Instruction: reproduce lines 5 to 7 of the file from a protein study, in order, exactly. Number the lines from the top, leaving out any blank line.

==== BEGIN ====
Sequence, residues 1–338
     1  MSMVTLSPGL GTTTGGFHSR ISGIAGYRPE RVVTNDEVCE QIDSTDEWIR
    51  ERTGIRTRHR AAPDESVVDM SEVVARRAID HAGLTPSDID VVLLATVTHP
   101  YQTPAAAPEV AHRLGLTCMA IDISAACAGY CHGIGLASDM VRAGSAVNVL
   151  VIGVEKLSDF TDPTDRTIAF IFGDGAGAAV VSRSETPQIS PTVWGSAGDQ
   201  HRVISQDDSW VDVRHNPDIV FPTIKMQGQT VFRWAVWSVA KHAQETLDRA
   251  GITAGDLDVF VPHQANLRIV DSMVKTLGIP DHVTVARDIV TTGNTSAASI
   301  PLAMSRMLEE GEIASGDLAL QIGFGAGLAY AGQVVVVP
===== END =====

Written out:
   151  VIGVEKLSDF TDPTDRTIAF IFGDGAGAAV VSRSETPQIS PTVWGSAGDQ
   201  HRVISQDDSW VDVRHNPDIV FPTIKMQGQT VFRWAVWSVA KHAQETLDRA
   251  GITAGDLDVF VPHQANLRIV DSMVKTLGIP DHVTVARDIV TTGNTSAASI